Saturday, Aug. 4, 2012

Milwaukee Comedy Festival Day One

The Early show is a mix of stand-up sketch and imrpov

By Russ Bickerstaff
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This year's Milwaukee Comedy Fest slips into the classy Next Act Theatre Space on 255 South Water Street with a very slick professionalism that makes it feel kind of like a comedy convention. One half expects to find booths from various comedy vendors popping up in the lobby . . .  weird . . . . 

 

The festival opened with introductory music by Flitharmonic--a jazz improv group that does some remarkably stylish work. The interesting thing about what they were doing before the show was that it was stylistically complex enough to be distinctive and at the same time smooth enough that people going in to find their seats before the show didn't feel at all uncomfortable about actually talking during their performance. In a way, that's the perfect balance for a house band before one of these shows . . .  

 

Once again, the festival is hosted by co-producers Matt Kemple and Patrick Schmitz. These guys have been doing this for several years now . . . they seem perfectly calm about the whole thing. And though it comes together perfectly onstage, you half expect that they're dealing with a million headaches offstage to make sure that it all comes together. 

 

 

The opening act for this year's festival was pianist Matt Griffo. Piano stand-up is either exceptionally bad or it's okay . . . and the fact that Matt Griffo is good says a lot about his comic talent. He's up there with a synthesizer and his music making observational humor. like the best musical comics, he's actually a good musician. This means that even when the jokes are bad (and there IS some exceptionally bad comedy in here) the music is so good that you don't really care. The cleverest bit on his set has to be a song he'd written out of pure frustration. Griffo is evidently an environmentally-conscious vegetarian. (More power to him in that respect.) So often that sort of thing comes across to people like pretentious, uptight liberalism, but Griffo poured his anger and frustration a world that doesn't care about its own consumption and poured that into a very, very funny and very, very angry song. If more people could see him perform that, they'd probably understand a little bit more about environmentalism. I kind of  hope that Griffo could act as the face of the next generation of environmentalism, but I might be getting carried away there.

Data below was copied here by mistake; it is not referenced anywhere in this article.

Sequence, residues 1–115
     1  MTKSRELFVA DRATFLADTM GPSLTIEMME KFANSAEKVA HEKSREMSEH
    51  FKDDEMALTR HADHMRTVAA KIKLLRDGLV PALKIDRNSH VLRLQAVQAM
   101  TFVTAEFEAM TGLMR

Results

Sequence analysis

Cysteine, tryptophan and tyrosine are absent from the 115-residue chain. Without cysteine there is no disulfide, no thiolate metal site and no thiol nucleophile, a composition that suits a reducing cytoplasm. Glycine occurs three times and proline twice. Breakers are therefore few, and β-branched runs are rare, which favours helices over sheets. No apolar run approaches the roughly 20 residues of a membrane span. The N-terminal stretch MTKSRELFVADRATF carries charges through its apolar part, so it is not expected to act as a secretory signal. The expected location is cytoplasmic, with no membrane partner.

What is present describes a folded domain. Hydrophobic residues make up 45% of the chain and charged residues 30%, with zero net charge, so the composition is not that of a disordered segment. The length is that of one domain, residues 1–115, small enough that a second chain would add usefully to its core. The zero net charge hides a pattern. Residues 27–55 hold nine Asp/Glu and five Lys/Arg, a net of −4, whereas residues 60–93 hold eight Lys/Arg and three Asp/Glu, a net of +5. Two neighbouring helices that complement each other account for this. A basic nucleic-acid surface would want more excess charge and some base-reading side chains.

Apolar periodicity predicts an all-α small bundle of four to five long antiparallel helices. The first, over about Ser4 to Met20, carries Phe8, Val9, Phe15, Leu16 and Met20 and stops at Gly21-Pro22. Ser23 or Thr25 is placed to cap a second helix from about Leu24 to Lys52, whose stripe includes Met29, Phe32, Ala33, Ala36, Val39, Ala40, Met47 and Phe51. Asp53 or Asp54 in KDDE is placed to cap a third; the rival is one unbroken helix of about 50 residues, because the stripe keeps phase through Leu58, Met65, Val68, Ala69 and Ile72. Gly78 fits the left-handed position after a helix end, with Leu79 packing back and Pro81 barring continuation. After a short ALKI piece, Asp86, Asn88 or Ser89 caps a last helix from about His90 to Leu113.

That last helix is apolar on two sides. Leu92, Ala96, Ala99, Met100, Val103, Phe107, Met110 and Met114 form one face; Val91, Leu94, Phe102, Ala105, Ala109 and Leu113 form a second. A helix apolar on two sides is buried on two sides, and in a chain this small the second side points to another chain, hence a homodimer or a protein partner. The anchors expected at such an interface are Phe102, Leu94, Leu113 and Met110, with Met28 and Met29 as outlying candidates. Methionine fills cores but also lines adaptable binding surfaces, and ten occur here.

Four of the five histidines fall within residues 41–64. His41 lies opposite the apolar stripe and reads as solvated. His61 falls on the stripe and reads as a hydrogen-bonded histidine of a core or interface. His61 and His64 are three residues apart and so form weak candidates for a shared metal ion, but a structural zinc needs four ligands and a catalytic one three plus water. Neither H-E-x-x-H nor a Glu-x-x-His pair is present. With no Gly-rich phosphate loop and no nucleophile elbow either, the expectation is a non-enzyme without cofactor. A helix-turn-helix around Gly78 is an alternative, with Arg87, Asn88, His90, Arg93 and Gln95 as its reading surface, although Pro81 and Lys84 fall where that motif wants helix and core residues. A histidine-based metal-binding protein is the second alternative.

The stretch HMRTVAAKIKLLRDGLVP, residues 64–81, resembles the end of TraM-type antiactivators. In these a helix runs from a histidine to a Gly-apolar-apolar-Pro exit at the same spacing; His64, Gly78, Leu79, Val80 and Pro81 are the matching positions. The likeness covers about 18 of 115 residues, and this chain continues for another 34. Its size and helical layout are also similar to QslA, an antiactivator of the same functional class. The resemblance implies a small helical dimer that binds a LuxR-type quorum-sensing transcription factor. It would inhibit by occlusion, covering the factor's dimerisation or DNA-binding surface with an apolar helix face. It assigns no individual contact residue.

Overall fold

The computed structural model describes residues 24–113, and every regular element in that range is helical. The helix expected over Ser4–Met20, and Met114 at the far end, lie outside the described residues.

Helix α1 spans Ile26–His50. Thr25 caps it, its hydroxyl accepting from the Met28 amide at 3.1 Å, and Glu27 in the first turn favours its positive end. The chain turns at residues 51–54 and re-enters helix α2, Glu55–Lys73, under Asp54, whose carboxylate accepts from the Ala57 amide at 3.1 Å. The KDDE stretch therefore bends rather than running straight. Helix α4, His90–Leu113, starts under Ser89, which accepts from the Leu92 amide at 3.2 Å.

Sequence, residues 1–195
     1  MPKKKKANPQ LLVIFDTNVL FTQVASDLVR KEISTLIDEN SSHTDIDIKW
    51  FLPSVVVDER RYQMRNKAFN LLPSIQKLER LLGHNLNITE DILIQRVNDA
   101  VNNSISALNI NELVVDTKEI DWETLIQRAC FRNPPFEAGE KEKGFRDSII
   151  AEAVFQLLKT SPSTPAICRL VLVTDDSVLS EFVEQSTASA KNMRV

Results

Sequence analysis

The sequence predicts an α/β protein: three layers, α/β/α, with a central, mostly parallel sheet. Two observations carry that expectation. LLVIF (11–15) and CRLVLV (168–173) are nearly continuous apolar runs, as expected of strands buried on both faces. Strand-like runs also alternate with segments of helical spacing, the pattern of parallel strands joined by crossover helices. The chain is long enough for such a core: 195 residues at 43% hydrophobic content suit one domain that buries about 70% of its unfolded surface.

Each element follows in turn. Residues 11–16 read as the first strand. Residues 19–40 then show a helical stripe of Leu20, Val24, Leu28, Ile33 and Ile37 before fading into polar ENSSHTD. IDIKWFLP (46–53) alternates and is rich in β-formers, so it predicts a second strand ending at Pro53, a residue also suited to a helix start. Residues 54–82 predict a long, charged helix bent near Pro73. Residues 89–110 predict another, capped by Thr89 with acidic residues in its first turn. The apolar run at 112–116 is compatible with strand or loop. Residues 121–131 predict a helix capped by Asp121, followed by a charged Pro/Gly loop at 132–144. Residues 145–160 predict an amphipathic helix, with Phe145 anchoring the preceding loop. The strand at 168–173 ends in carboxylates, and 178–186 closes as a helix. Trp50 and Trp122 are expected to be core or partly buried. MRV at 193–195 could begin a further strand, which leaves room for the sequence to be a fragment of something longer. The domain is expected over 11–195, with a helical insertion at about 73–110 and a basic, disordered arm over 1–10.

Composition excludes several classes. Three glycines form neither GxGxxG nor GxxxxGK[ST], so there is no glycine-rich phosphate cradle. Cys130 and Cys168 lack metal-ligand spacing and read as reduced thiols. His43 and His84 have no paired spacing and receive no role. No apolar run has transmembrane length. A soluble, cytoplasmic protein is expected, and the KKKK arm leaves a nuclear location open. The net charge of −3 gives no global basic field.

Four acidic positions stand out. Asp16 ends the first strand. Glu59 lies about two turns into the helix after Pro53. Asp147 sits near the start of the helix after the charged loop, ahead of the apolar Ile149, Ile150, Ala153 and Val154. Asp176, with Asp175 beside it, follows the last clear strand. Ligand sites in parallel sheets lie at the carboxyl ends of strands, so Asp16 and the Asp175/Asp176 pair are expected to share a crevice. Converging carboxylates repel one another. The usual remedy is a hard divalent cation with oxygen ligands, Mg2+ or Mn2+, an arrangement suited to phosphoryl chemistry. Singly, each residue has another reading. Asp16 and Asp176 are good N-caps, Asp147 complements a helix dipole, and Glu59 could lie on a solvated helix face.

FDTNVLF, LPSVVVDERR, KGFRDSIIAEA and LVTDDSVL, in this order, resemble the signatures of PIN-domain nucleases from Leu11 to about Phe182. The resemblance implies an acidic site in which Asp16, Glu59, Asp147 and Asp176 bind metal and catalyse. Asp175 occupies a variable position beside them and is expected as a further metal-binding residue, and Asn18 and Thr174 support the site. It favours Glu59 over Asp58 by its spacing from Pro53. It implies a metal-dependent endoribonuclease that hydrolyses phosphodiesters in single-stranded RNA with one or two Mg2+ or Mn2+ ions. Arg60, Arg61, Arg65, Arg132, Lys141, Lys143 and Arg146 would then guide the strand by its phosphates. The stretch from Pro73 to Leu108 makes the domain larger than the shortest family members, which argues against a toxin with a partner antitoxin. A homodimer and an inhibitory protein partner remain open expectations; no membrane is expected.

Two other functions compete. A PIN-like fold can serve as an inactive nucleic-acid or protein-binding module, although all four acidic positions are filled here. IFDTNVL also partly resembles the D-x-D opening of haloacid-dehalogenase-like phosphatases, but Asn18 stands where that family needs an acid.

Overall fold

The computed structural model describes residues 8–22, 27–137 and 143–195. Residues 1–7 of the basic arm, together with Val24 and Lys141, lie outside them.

The improv comedy on the opening show of the came to the stage courtesy of local improv group Meanwhile. The line-up onstage last night included Tyler Kroll, Lee Rowley, Vince Figueroa & Beth Lewinski. The group takes a single suggestion and develops an entire series of interrelated scenes on that topic. Kroll, Rowley, Lewinski and Figueroa all bring something distinctly different to the stage in interesting ways. In a way, it's kind of like a comedy trapeze act. Whenever someone looks like they're going to take the whole improv comedy narrative crashing to the floor, someone else picks it up and takes it in another direction that IS distinctly funny. The fact that they can do this without breaking the narrative too much makes for a very tight comedy package.  

 

The first show on the festival ended with a performance by sketch comedy group the Nerdologues. It's a half hour of nerd-based sketch comedy. On the whole, this is pretty good stuff, but the problem I have with Nerdologoues is the problem I have with Star Trek: It just isn't geeky enough. Like Star Trek, the Nerdologues take highly obscure stuff that works so well in its tiny, original niche and attempts to bring it out into  larger audience in a more generic commercial package. Where Star Trek was generic TV popularizing classy, old space faring sci0fi pulp stories . . . the Nerdologues are taking geek humor and staging it in a way that is attempting to reach a larger audience in a popular sketch comedy format. Some of it works. Some of it doesn't. 

 

The opening sketch is a perfect example of where this sort of thing DOESN'T work . . . a comic monologue delivered with one of the comics as the Blob giving a graduation speech to a class of Professor X's mutants. What would be ideal here is a clever satire on Claremont's magnum opus that casts a glance at the silliness the House of M and the folly of writers like Bendis in the open embrace of the sliding timescale. And I would have reached the smallest fraction of a percent of anyone reading that last sentence, but there's a way to do that sort of humor that embraces audiences completely unaware of the subject matter AND those who are intimately familiar with it. With MST3K, Michael J. Nelson and Kevin Murphy are brilliant at that sort of thing. At their best, Nerdologues strive towards that maddening precision that also embraces the universality of the comedy. Take their bit on The Highlander--they staged a battle between MacLeod and The Kurgan that degenerated into an existential conversation that is not only funny to those of us familiar with the premise, but also plays a larger more coherent satire on the nature of epic myths and legends. Clever stuff. Observational humor about the vacuous nature of 90% of all internet comments was also really funny. 

 

The Milwaukee Comedy Fest continues through August 11th at Next Act's theatre Space on 255 South Water Street. 

 

 

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